Shanghai street style is exploding – from Wang Lili to Timothy Parent, meet the people who are shaping the scene
People in China are growing bolder and more experimental with what they wear, providing ample fodder for bloggers and scenesters who busily snap the evolving, and sometimes quite shocking, street styles
Dozens of photographers wielding telephoto lenses snapped away outside the tents of Shanghai Fashion Week last month, but their subjects were not pop princesses or movie stars – they were fashion students and eccentrically dressed Chinese industry insiders making their way into one of the event’s 85 scheduled shows and presentations.
Wang Lili is a familiar face at Shanghai Fashion Week, held in the luxury shopping and entertainment hub of Xintiandi district. She is both a “street style” photographer and much photographed local icon who started her working life on a factory assembly line. She then became a novelist before reinventing herself as a street-style photographer five years ago, after attending her first show at Shanghai Fashion Week.
“I live around here, and five years ago my friend had two tickets to one of the shows, so I went and it started my interest in street style,” Wang says.
Another street-style fixture is Roy Zhang, Shanghai’s answer to The Sartorialist with his street-style blog The Shanghai Express. When Zhang, an engineering graduate, launched his website in 2012, it was intended as a platform to show the cool side of Shanghai and has since burgeoned as the city’s style scene has evolved.
“[The street-style trend] is happening organically as people are exposed to more global information,” says Zhang, a born and bred Shanghai boy. “People are forming their own personal style and there are many bold attempts at street style. There are a lot of fresh, fun things – and a lot of grandstanding.”
Over the years, Shanghai’s street-style scene has rapidly evolved, from wild experimentation to a more mature level of style. A witness to the change is Timothy Parent, an American who has been living in Shanghai, and blogging about fashion for seven years. His site China Fashion Bloggers is an aggregator that brings together the best of China’s English-language fashion content (including Zhang’s blog) for a domestic and international audience.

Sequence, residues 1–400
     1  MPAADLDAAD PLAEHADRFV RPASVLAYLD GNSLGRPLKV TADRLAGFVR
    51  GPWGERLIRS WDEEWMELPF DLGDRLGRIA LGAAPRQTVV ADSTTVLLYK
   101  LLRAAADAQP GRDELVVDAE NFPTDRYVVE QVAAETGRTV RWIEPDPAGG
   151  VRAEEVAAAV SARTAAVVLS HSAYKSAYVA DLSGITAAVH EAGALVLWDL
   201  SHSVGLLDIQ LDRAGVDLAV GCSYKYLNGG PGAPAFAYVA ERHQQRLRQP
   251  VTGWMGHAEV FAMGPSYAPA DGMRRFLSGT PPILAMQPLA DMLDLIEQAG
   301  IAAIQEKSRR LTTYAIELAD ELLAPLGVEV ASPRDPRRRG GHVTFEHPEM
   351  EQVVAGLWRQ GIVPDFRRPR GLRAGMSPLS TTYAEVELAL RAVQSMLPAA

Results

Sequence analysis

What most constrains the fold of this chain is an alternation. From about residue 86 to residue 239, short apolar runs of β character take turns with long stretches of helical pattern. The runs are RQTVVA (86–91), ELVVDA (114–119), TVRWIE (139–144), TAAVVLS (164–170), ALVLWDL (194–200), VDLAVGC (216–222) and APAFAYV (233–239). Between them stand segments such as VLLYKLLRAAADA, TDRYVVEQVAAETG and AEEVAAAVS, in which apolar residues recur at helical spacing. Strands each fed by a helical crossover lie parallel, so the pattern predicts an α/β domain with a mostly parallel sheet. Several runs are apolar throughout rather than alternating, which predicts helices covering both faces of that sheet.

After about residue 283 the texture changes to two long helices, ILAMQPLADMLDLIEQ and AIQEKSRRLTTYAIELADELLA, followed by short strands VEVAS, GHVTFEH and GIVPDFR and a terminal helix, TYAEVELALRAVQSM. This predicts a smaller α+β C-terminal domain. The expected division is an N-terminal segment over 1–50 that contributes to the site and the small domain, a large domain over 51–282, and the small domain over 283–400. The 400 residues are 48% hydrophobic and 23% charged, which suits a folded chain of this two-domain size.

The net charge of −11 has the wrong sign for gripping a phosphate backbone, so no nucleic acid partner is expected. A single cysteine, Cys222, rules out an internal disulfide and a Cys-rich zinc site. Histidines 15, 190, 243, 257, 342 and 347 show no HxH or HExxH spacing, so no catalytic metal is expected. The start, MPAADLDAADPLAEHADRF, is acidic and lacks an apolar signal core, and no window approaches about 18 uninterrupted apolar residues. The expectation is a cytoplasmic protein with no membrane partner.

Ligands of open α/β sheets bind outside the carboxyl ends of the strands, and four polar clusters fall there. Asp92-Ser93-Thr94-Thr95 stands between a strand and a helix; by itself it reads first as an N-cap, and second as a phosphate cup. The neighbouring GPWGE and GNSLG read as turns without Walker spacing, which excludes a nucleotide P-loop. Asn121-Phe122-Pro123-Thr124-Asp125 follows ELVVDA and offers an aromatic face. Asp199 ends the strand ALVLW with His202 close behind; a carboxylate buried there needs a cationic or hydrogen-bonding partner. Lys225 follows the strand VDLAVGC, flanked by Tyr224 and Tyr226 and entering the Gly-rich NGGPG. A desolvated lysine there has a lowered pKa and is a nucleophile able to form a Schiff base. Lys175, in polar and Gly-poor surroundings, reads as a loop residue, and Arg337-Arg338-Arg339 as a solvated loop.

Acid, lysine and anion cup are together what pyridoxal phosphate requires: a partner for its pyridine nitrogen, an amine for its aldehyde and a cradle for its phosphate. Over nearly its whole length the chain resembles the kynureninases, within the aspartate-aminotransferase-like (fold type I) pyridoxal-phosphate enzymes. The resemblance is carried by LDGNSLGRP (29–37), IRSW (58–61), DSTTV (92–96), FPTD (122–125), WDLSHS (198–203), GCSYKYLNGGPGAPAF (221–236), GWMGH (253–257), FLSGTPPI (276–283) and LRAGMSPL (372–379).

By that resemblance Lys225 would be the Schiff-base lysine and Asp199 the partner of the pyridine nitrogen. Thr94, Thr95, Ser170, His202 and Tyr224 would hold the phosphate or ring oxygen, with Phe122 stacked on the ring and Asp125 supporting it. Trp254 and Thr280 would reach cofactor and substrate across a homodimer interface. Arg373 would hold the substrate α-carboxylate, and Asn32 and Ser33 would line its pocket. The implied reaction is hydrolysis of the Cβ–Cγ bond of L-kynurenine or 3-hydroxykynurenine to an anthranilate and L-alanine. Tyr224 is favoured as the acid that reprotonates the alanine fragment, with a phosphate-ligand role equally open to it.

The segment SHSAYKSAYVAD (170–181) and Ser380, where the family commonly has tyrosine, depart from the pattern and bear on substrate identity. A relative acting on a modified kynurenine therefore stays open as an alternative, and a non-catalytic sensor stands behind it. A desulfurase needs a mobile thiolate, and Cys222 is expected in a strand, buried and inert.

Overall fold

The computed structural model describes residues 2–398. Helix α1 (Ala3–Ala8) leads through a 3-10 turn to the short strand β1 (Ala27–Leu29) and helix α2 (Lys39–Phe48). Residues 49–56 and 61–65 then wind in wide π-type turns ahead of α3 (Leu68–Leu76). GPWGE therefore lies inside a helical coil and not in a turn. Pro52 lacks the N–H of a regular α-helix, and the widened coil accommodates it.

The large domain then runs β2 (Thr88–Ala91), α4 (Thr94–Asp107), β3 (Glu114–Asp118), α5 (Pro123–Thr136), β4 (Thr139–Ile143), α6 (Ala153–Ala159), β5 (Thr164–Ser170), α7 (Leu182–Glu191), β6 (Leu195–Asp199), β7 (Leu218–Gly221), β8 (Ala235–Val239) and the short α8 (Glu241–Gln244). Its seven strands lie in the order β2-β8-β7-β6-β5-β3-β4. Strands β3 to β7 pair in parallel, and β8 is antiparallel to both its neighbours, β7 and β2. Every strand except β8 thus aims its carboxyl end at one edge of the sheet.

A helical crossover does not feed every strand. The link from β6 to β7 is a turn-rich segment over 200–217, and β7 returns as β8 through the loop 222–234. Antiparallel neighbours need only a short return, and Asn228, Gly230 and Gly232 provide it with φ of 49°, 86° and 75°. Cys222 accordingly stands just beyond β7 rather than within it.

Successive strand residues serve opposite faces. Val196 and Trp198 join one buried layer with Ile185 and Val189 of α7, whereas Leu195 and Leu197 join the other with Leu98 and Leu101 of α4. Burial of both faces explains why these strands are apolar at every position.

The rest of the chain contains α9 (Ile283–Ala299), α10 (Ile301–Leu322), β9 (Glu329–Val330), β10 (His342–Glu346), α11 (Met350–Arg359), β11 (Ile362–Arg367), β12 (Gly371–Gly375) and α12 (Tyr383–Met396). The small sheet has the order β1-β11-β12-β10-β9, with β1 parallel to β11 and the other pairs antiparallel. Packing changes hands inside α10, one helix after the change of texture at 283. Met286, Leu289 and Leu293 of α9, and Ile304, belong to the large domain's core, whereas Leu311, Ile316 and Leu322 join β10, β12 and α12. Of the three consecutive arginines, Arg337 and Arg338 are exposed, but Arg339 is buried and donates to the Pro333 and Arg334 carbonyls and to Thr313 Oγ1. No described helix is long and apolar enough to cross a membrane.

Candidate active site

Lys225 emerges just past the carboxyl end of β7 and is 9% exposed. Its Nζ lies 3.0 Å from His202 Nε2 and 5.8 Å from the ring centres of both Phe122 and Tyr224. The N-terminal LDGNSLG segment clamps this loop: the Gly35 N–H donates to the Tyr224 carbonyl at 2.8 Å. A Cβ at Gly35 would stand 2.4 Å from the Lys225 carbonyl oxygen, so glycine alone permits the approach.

“In the beginning, it was very conservative, but people were open to new things and that led to some exhibitionism and it got really crazy for a while. People would wear whatever had shock value,” Parent says, relaying an anecdote about seeing a young man wearing a piece of lettuce on a hook as an earring as an example of Shanghai’s style open-mindedness.
“It’s become more refined as people are more exposed to designers, street style, creative editorials – wherever people find their inspiration,” he adds.
The competition to be photographed is tough and street-style photographers in China, just like in the West, have their favourites – who can in turn be catapulted into Chinese social media stardom.
One of the brightest shining stars of China’s street-style scene is Chengdu-born, Beijing-based Fil Xiaobai, who started posting her own street-style snaps on Chinese microblogging platform Weibo in 2009.
Over the years Fil’s style, wildly coloured hair and tattoos have won her an army of fans – more than one million Weibo followers – as well as brand partnerships with big luxury players such as Burberry and Chanel.
According to Fil, authenticity is the key to attracting loyal fans, but it’s also a key element missing from China’s street-style today. In a country with hundreds of thousands of fashion bloggers and “key opinion leaders”, or KOLs, who are paid to wear particular brands, there’s a lack of what Fil describes as a “point of view” in personal style.
“Well-known street-style stars in China just dress in a total look for brands that pay them,” she says. “It’s not interesting, no mix and match, no styling – just pretty girls.”
However, there is a huge disparity between the street-style figures and KOLs who are locally influential, and the Chinese street-style stars favoured by Western media – such as Hongkonger Tina Leung and Shanghai-based Leaf Greener, who are regulars on the international circuit, but not as visible in Greater China.
Zhang believes that Shanghai street style, while still in the early stages of its evolution, will eventually lead the way for China as a whole.
“Out of every city in China, Shanghai is the place where foreign culture is adopted fastest and the people here form their own understanding,” he says. “Also, Shanghai is really inclusive – no one worries too much about different personalities [and] they are accepting of different things.”
Parent predicts that Shanghai’s future street style will have its own signature look that is globally recognisable – just as Tokyo style and Parisian style is today.
“China will become more extreme. People will become more and more confident with what they do,” Parent says. “They can be confident but continue to be extremely experimental. That’s what I would like to see for China.”